For twenty-five years he held services at a nursing home.  When he began holding these meetings, as a young pastor, he noticed that one of the regulars, who came, would bring her television remote with her.  Periodically, while he preached, she would scowl, aim that remote at him, and push the buttons.  This went on for several months or so, until he finally stopped one service, laughed good naturedly, and said to her, “Ma’am, you can’t turn me off with that.”  She just snapped back, without blinking an eye, “I’m not trying to turn you off.  I’m just trying to get a different channel.”  

Frankly, I happen to feel appreciated every Sunday.  So many say, “Hello,” and something kind or encouraging.  I wonder how many people will serve today and not get one “Hello” or an encouraging word?  How many nursery workers will hand a baby over the counter to their parents without ever hearing, “Thank you for volunteering”?  How many Bible Study teachers, musicians, greeters, ushers, etc. will come and do noble things and never be noticed?

The city of Jerusalem flourished because of the gatekeepers and guards, the maintenance workers and grounds keepers, the singers, priests, farmers, shepherds and other contributors to the city who pulled their weight.  The truth is, that ancient city and the church today have a lot in common – neither one came make it one day without noble people who make it happen.

I can tell you, from my own ministry, I am surrounded by a staff and volunteers of highly dedicated men and women who pull it all together.  Every church, missions organization, ministry, and Christian cause is moved forward, not by a few of us who are seen, but by an unseen labor force of staff members, prayer warriors, and volunteers throughout the congregation whose hearts have moved them to do noble things.  These are noble things that will probably never be fully calculated and rewarded on earth.

That leads me to my second point of application that is especially designed for everyone who serves someone else.

2.   None Of The Noble Things You Do On Earth Will Go Unrecognized By God In Heaven. 

The writer of Hebrews addressed this when he wrote, in chapter 6, verse 10, “God is not unjust so as to forget your work . . . in having ministered . . . to the saints.”  People forget; people do not say, “Thank you;” people overlook you, but God never will.  He always reads the credits.  Better yet, He is in the process, at this very moment, of writing them.

So, let us roll the credits and read of noble ones who . . .

  • Change the diapers and sweep those floors;
  • Answer the telephones and mow the grass and pull the weeds;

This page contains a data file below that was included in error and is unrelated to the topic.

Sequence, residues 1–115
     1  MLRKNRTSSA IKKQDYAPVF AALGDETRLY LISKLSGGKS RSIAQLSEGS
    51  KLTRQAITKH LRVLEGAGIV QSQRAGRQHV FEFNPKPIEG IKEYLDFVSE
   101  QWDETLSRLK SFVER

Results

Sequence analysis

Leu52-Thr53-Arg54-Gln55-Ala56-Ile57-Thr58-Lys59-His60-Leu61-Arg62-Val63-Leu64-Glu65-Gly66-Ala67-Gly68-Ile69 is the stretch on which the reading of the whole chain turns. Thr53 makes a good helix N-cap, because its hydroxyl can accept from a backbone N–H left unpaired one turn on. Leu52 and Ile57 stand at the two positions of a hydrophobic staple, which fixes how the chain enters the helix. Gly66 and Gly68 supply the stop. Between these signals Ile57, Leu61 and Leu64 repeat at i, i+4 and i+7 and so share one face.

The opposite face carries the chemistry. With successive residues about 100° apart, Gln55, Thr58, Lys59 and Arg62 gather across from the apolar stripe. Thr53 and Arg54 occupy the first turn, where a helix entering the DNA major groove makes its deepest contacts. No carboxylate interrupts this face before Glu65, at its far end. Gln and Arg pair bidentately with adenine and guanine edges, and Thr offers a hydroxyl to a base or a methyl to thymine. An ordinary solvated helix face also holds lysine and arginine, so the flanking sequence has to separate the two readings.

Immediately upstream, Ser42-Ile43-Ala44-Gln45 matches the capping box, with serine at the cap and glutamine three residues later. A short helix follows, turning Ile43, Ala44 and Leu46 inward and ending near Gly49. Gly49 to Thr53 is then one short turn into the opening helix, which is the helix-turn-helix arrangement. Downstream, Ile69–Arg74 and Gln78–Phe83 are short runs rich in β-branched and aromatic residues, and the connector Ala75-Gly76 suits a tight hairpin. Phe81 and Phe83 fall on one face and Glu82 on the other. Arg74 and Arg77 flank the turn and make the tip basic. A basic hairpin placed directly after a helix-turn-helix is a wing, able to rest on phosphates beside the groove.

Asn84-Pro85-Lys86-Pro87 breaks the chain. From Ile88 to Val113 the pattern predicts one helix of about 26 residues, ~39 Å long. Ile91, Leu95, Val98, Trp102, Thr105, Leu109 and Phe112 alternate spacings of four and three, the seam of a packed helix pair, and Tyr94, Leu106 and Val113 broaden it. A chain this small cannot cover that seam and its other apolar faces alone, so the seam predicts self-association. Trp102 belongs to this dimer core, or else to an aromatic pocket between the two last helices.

• Arrange meetings and teach the Bible lessons;
  • Prepare the children’s games and “juice up” the sound board;
  • Clean the bathrooms and count the offering;
  • Practice the music and type the letters;
  • Pray through that list and visit those guests;
  • Cook the meals and teach the class;
  • Dust the furniture and greet those who come through the door;
  • translate the sermon and duplicate the tapes;
  • Park the cars and get the coffee made;
  • Disciple that teenager and lead a child to the water fountain;
  • Design the brochures and stuff the Communiqués with inserts;
  • Crawl on the floor with toddlers and set up chairs in the classroom;
  • Wash and dry the nursery linen and clean the table and dishes after a church activity;
  • Recruit even more volunteers or thank those who do;
  • Plan class activities and counsel at summer camp;
  • Listen to memory verses and stack the tables and chairs;
  • Unload all the equipment and then load it back up again, only to be unloaded and then loaded up again, and again, and again.

Know, as you do it all, that it is all noble work.  It is noble work for the people and ministry of Christ that may go unrecognized on earth, but, one day, will be rewarded in heaven.

The question is, “Who are you doing it for anyway?”  If it is for the attention of people, forget it, they will never sit still long enough to read the credits.  If it is for the glory and pleasure of God, take heart, He has not overlooked even one noble deed!  It was said of Jerusalem, in the days of Nehemiah, that some gave of themselves.  Let it be said of us, that we all gave of ourselves, that all of us were noble sons and daughters of God.

This is God’s Word …

This is Grace for your Journey …

Rest and Rejoice in this eternal truth!

Pastor Terry

Ephesians 4:7 – “But to each one of us grace has been given as Christ apportioned it.”

Hebrews 4:16 – “Let us then approach the throne of grace with confidence, so that we may receive mercy and find grace to help us in our time of need.”

Rebuild: Nehemiah 6:14-19 – Principles And Practices That Will Help Us Finish Well

Grace For The Journey

  We continue our look into Nehemiah chapter 6.  In today’s verses, we will discover further principles that will help us as we move on in our faith walk to finish in a way that further God’s kingdom and bring honor and glory to Him.  It will be a rewarding and beneficial study.